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I've a python script which works just as it should but I need to write the time for the execution. I've gooled that I should use timeit but I can't seem to get it to work.

My Python script looks like this:

import sys
import getopt
import timeit
import random
import os
import re
import ibm_db
import time
from string import maketrans
myfile = open("results_update.txt", "a")

for r in range(100):
    rannumber = random.randint(0, 100)

    update = "update TABLE set val = %i where MyCount >= '2010' and MyCount < '2012' and number = '250'" % rannumber
    #print rannumber

    conn = ibm_db.pconnect("dsn=myDB","usrname","secretPWD")

for r in range(5):
    print "Run %s\n" % r        
    ibm_db.execute(query_stmt)
 query_stmt = ibm_db.prepare(conn, update)

myfile.close()
ibm_db.close(conn)

What I need it the time it takes the execution of the query and written to the file "results_update.txt". The purpose is to test an update statement for my database with different indexes and tuning mechanisms.

Sincerely

Mestika

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3 Answers 3

up vote 25 down vote accepted

you can use time.time ot time.clock before and after the block you want to time

import time

t0 = time.time()
code_block
t1 = time.time()

total = t1-t0

this method is not as exact as timeit (it does not average several runs) but it is straighforward.

time.time() (in windows and linux) and time.clock(in linux) have not enough resolution for fast functions (you get total = 0). In this case or if you want to average the time elapsed by several runs, you have to manually call the function multiple times (As I think you already do in you example code and timeit does automatically when you set its number argument)

import time

def myfast():
   code

n = 10000
t0 = time.time()
for i in range(n): myfast()
t1 = time.time()

total_n = t1-t0

in windows, as Corey stated in the comment, time.clock() has much higher precision (microsecond instead of second) and must be prefered to time.time().

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2  
fyi on windows, use time.clock() instead of time.time() –  Corey Goldberg May 19 '10 at 15:00
3  
Thanks Corey, why? because clock is more precise (microseconds) or there is something more? –  joaquin May 19 '10 at 15:21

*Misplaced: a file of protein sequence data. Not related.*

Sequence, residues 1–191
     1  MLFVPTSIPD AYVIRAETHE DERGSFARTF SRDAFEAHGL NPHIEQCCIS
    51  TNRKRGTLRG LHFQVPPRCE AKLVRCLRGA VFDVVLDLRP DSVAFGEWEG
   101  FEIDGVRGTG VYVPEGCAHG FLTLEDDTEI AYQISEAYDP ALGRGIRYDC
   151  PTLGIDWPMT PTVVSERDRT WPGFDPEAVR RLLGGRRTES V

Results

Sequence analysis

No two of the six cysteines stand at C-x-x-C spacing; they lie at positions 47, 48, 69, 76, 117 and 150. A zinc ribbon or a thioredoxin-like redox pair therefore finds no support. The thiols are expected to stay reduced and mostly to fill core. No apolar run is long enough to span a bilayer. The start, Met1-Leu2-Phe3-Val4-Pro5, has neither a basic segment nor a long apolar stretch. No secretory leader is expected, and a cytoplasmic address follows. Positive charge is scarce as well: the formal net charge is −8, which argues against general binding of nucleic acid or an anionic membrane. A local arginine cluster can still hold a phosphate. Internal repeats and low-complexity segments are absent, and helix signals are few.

You can use timeit.default_timer() to make your code platform independent; it returns either time.clock() or time.time() as appropriate for the OS. –  Marc Stober Mar 10 at 2:55

Quite apart from the timing, this code you show is simply incorrect: you execute 100 connections (completely ignoring all but the last one), and then when you do the first execute call you pass it a local variable query_stmt which you only initialize after the execute call.

First, make your code correct, without worrying about timing yet: i.e. a function that makes or receives a connection and performs 100 or 500 or whatever number of updates on that connection, then closes the connection. Once you have your code working correctly is the correct point at which to think about using timeit on it!

Specifically, if the function you want to time is a parameter-less one called foobar you can use timeit.timeit (2.6 or later -- it's more complicated in 2.5 and before):

timeit.timeit('foobar()', number=1000)

You'd better specify the number of runs because the default, a million, may be high for your use case (leading to spending a lot of time in this code;-).

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7  
After struggling with this for the last few mintues I want to let future viewers know that you also probably want to pass a setup variable if your function foobar is in a main file. Like this: timeit.timeit('foobar()','from __main__ import foobar',number=1000) –  Rich Mar 1 '12 at 22:46

If you are profiling your code and can use IPython, it has the magic function %timeit.

%%timeit operates on cells.

In [2]: %timeit cos(3.14)
10000000 loops, best of 3: 160 ns per loop

In [3]: %%timeit
   ...: cos(3.14)
   ...: x = 2 + 3
   ...: 
10000000 loops, best of 3: 196 ns per loop
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